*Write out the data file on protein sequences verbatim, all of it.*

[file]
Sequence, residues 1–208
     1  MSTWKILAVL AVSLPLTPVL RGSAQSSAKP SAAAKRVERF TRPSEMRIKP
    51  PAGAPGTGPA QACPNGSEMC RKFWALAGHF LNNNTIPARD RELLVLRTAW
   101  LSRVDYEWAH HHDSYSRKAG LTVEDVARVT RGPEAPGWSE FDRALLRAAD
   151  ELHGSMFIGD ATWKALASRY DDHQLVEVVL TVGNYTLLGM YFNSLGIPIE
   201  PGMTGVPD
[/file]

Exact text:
Sequence, residues 1–208
     1  MSTWKILAVL AVSLPLTPVL RGSAQSSAKP SAAAKRVERF TRPSEMRIKP
    51  PAGAPGTGPA QACPNGSEMC RKFWALAGHF LNNNTIPARD RELLVLRTAW
   101  LSRVDYEWAH HHDSYSRKAG LTVEDVARVT RGPEAPGWSE FDRALLRAAD
   151  ELHGSMFIGD ATWKALASRY DDHQLVEVVL TVGNYTLLGM YFNSLGIPIE
   201  PGMTGVPD